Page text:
So much work goes into planning the perfect yearly budget. As your budget can drastically affect your profitability, you want to be sure that you account for as much as you can upfront. Among many others, this includes labour costs, materials, software programs. You also want to be able to leave some leeway, just in case something goes wrong and needs additional funds.
When it comes to budgeting methodologies, there is no one right way to it. Most companies develop their budgeting techniques over time. They learn how to prepare for certain costs and they get a better understanding of the sales cycles. For newer companies and companies looking for direction, there are a few budgeting methodologies that could help you effectively see your money in a new light.
Here are our four budgeting methodologies worth implementing.
This first budgeting methodology is perhaps one of the most common methods. During this process, your departments will estimate the costs of some of the higher-level tasks and use those estimates to calculate and constrain the lower-level tasks.
Once the budget is complete, it is then backed down from the upper management positions to the people in the lower positions. This ladder-like method helps other employees better understand what the company or department is trying to achieve and what is expected of them in their daily tasks.
The one great thing about this budgeting methodology is that it does not require people from all different levels to complete. That means that less hands will be in the mix, reducing the risk of something going wrong. Your heads of departments and supervisors, whichever is responsible for budgeting, can do this on their own.
Though this method is effective, it does require that your supervisors and department heads have plenty of experience with budgeting and can make good judgments about how much they will spend in the coming year. Make sure that your budgeting supervisors have a good grasp on how much their daily operations cost. If they don’t understand, they may grossly underestimate their costs.
You might have heard of this type of budgeting referred to as zero-based budgeting, but the two are one in the same. As the name implies, you work from the bottom calculating your potential costs and build up from there. It's best to choose a common project model that is frequently used and base your budgets around its costs.
Let's say you own a house cleaning business and want to budget for the next six months. Most of your jobs require two employees so you would start with them. When cleaning a house, how much soap and carpet cleaner do they use? How many cleanings did they do in the last six months? Next you might go up to a supervisor in charge of purchasing vacuums, mops and other supplies. How much do they spend to purchase new items or repair them?
Once each level completes their work, you'll be able to see roughly how much you will need to budget for the period of time. This method does take a little while longer, and it does require help from multiple levels of people, but it does also encourage commitment and teamwork.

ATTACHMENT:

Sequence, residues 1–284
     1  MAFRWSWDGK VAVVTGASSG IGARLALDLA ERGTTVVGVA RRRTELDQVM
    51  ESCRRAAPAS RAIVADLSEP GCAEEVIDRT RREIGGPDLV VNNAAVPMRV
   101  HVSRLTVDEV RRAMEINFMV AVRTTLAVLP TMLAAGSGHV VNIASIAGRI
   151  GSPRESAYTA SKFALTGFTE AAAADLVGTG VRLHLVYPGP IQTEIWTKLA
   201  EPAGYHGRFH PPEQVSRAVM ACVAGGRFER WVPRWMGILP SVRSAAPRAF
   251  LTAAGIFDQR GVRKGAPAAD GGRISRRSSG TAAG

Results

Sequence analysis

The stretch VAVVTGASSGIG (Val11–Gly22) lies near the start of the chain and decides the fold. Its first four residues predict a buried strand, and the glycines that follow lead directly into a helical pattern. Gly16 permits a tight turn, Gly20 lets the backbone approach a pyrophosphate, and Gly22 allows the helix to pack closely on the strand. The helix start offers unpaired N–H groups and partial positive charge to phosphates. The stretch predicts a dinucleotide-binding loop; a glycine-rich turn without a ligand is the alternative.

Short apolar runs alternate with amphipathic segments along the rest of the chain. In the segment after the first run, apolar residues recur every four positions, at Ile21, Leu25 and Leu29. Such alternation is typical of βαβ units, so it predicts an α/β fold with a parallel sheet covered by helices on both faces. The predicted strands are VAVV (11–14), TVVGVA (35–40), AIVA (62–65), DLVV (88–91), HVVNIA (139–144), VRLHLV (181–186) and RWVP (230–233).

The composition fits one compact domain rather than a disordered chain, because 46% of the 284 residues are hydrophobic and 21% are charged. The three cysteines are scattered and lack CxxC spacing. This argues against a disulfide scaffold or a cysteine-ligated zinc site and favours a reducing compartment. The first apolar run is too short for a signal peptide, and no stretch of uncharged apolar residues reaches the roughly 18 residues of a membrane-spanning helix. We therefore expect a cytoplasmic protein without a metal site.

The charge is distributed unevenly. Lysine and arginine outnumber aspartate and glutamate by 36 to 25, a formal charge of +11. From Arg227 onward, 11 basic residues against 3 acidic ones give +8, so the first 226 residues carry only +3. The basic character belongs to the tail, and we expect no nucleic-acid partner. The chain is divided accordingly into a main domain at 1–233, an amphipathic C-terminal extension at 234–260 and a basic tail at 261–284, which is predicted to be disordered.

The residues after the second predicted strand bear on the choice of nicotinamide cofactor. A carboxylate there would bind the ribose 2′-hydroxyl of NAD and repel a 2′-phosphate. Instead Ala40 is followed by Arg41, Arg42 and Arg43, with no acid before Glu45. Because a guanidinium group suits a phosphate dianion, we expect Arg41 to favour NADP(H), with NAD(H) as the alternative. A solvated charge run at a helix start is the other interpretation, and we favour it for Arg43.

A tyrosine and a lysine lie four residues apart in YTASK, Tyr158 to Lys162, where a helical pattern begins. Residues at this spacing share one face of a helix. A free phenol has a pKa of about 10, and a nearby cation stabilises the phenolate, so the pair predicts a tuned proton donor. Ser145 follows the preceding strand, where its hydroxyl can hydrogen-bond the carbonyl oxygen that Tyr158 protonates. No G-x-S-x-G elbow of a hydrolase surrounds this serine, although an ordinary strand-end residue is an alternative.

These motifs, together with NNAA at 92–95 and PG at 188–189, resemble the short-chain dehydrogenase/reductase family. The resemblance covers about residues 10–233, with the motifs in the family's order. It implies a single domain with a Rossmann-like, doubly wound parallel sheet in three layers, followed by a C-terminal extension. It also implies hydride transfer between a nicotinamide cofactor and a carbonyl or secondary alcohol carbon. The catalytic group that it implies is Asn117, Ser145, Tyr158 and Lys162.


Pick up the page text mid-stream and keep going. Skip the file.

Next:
This method often gives way to a more accurate budget because you are getting your numbers from the people who know them best. There is an easy flow of information, and everyone feels like they had a hand in the process.
If you are not a fan of looking at numbers for too long, you may not like the iterative process, which simply means 'to repeat or do again.' However, it is certainly an effective budgeting methodology.
The process mainly involves you implementing top-down and bottom-up budgeting methodologies. The only difference is that once your employees are done with both of those budgets, they are analysed, compared with one another, negotiated and finally, reconciled.
All of the benefits of top-down and bottom-up are at work here. There is plenty of information flowing between all levels of the company so upper management can better see how money is spent on the more tertiary level and lower employees can understand what upper management is looking for in terms of spending.
As employees on all levels are involved, the iterative process demands teamwork. Everyone has to bring their A-game, and there can be no miscommunications between lower management and upper management.
This final budgeting methodology involves bringing forth last year's budget and using it as a framework for the new budget. In a lot of ways, most of the work is already done for you. All you have to do is review each aspect of your budget and adjust it accordingly for certain known factors, such as an increase in labour sizes or a drastic change in petrol prices.
The phrase, 'If it ain't broke, don't fix it,' applies here. This method is best for companies with somewhat stagnant costs. If you know certain things worked well for you last year, it is okay not to change them. You can also better prepare for potential hiccups that you encountered last year. Maybe one of your cleaning business' trucks broke down and needed serious repairs. Make sure you have enough in your budget to cover yourself, should that or something similar happen again.
This method is both easy to understand and requires little negotiation as the budget does not usually change very much. They key to this process is to make sure your managers are looking for any budget slack, unused funds that could be used better elsewhere, and that they are looking for any positions or funds that no longer apply to the budget. If you got rid of your feather dusters last year and now use a vacuum cleaner to dust furniture, then you need to be sure you are not budgeting for feather dusters.
Budgeting is a unique process and it is essential that you do it correctly. Think about how your company operates and decide which methodology suit your needs the best.